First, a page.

The Antiquities Code of Texas was one of the first state-based historic preservation laws created in the United States and it is still one of the strongest laws of its kind. The Antiquities Code was created as a reaction to shipwreck treasure salvagers that found remains of the 1554 Spanish Fleet that had swept ashore in a hurricane off the coast of South Padre Island. The treasure hunters found the remains of one of those vessels and starting removing those artifacts including silver and gold coins and taking them out of state. Had the salvagers been from Galveston or some other Texas town, it’s very possible that the Antiquities Code would have never been written, but the fact that the salvagers were from Indiana (think “damn Yankees”) the State of Texas stepped in and sued the treasure hunters for taking artifacts that belonged to the citizens of Texas. Jack Giberson, the General Council and Deputy Land Commissioner with the General Land Office of Texas, was instrumental in the efforts associated with the 1554 shipwreck case, and for many years after he proudly told the story of when he and three Texas Rangers flew to Indiana to confiscate the artifacts and return them to Texas.
Jack Giberson and a few state legislators were also the first state officials to recognize that the State of Texas did not have an adequate law in place to protect publicly owned historic resources. Therefore, those individuals worked closely with Truett Latimer, the executive director of the Texas Historical Commission (THC), and Curtis Tunnell, the State Archeologist, to figure out how to correct this problem. The result was, the 61st Texas Legislature passed the new Antiquities Code (Code) through both houses in the spring of 1969 and it was signed by Governor Preston Smith and went into effect on September 1, 1969. Its enactment has changed the way historic resources on non-federal public lands in Texas have been managed ever since.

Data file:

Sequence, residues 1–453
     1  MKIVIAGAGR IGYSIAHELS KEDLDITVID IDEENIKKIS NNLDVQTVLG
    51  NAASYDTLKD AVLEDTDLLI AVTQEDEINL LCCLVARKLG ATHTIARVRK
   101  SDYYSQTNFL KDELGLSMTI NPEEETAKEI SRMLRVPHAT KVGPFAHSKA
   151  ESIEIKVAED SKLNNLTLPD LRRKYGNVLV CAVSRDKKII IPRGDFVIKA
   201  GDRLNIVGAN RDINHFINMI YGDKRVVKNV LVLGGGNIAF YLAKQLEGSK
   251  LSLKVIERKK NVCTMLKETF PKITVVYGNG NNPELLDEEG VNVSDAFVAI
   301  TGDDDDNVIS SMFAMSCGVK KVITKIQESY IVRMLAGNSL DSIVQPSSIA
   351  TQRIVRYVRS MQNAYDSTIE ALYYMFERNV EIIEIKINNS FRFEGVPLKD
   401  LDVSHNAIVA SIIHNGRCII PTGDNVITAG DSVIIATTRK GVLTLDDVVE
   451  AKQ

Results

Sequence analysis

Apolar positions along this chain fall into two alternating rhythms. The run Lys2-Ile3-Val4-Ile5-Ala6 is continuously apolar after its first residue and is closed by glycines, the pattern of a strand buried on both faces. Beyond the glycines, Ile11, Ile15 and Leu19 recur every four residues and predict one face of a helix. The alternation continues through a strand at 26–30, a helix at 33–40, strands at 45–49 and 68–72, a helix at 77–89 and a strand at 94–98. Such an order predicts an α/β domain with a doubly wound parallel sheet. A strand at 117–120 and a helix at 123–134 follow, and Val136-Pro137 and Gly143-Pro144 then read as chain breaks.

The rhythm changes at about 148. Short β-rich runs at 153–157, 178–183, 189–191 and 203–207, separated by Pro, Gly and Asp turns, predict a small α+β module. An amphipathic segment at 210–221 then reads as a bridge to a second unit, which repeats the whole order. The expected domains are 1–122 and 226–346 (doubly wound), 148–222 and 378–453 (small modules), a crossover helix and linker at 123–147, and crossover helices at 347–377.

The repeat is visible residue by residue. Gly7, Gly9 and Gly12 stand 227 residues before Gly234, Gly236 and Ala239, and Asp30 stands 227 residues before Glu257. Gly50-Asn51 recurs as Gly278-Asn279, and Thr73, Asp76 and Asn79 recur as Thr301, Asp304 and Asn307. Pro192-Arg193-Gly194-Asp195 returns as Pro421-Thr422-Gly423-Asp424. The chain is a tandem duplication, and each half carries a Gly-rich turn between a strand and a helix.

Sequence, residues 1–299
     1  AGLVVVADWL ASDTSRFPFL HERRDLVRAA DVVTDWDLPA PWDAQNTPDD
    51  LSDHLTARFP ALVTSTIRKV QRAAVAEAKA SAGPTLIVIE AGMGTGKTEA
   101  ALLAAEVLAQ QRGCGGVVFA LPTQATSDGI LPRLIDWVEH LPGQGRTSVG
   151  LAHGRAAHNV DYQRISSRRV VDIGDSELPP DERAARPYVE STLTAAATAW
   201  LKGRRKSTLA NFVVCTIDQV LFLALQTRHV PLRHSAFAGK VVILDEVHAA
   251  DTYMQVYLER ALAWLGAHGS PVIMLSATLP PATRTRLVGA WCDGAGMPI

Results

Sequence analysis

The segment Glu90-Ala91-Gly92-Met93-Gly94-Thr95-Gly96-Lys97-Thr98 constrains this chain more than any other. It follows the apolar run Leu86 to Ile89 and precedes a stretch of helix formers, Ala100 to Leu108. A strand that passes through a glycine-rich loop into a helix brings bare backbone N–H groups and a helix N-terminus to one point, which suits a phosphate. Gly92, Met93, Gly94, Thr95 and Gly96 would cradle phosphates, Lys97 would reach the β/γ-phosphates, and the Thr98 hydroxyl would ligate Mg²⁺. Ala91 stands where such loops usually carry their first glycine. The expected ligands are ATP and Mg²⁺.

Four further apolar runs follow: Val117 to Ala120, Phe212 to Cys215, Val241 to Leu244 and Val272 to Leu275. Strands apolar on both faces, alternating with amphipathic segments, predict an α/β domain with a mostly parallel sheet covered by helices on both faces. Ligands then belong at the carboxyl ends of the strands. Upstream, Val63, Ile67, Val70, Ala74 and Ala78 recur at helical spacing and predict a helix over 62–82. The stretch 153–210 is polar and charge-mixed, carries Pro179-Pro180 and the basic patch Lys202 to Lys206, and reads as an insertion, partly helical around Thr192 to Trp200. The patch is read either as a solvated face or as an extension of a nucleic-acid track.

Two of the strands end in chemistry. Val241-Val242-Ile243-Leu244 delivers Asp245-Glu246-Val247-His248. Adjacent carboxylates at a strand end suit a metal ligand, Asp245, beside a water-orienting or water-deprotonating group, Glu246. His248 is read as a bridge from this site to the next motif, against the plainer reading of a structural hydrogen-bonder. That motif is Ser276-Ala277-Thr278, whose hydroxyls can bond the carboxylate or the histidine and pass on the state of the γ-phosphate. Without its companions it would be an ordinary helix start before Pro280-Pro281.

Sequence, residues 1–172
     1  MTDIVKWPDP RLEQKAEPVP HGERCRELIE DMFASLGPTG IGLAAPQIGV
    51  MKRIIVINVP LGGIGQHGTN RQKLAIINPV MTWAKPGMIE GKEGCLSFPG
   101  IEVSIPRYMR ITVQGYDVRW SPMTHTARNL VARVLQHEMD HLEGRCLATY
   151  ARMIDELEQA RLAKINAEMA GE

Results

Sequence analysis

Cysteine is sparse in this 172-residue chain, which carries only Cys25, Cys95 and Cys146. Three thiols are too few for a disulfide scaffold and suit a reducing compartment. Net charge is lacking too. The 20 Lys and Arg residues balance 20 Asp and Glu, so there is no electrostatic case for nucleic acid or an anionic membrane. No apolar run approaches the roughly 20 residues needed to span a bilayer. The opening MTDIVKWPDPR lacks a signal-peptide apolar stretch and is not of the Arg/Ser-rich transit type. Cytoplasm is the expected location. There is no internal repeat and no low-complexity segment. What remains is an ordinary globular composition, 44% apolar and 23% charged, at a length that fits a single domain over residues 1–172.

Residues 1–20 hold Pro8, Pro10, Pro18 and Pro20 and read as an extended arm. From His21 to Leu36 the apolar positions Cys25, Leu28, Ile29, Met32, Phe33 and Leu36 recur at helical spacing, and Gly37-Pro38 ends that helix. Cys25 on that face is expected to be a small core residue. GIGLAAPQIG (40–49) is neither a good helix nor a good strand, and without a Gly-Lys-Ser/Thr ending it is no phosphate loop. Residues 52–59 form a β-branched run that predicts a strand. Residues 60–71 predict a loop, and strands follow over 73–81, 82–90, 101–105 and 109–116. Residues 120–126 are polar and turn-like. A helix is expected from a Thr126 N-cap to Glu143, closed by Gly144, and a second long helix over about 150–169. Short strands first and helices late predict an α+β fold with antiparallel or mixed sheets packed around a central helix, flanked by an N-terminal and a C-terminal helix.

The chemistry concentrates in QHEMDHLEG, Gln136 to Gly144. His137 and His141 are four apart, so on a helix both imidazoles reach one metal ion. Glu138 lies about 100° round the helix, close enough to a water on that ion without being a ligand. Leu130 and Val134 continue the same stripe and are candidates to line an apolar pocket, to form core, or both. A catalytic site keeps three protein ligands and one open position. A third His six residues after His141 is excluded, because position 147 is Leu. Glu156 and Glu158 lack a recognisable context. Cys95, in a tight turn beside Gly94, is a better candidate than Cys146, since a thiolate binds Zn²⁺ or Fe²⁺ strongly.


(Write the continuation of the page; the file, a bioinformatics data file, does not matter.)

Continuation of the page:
Former Texas Governor Preston Smith
Link to original image here.
The wording of the original Code was fairly similar to a law that the State of Florida had in place at the time. The original Code allowed legal treasure hunting off the Texas coast, provided that the treasure salvage investigations were performed under the direction of a professional archeologist, and the State also got to decide which artifacts would be retained by the State. The Code also protected all publicly owned archeological resources in the state and it was and still is a very unique law that continues to be a model for other states. The Code was never intended to cover resources on private property without the expressed written consent of the private land owners, and there is no question that this aspect of the law will never change.
The original Code also created the concept of State Archeological Landmarks and a new state commission known as the Texas Antiquities Committee (TAC) whose job it was to administer the Code. From the beginning however, the staff of the Texas Historical Commission (THC) functioned as the staff of the TAC and the State Archeologist and Executive Director of the THC served on the TAC board.
The first archeological investigations performed under the jurisdiction of the Antiquities Code were performed by Dr. Frank Weir, head archeologist for the Texas Highway Department (currently known as the Texas Department of Transportation) in 1970. That same year, the San Antonio Missions were also designated as the first State Archeological Landmarks (SAL).
Mission San Jose y San Miguel de Aguayo in San Antonio, Texas.
Link to original image here.
During the first 10 years after the creation of the Code approximately 250 permits were issued for archeological and historic structure investigations on public lands, and approximately 20 sites and buildings were designated as landmarks during this period. During the second decade, approximately 700 permits were issued and over 1500 sites and buildings were designated as landmarks.
The 68th Texas Legislature removed of treasure salvage provisions in 1983, and limits on the protection of historic buildings were added in 1987. Additionally, clarifications about the responsibilities of political subdivisions of the State were added in 1995. The Texas Antiquities Committee was dissolved in 1995, and the THC Commissioners took over direct administration of Code.
About the Author
Mark Denton is an Archaeologist, and Program Coordinator at the Texas Historical Commission in Austin, Texas.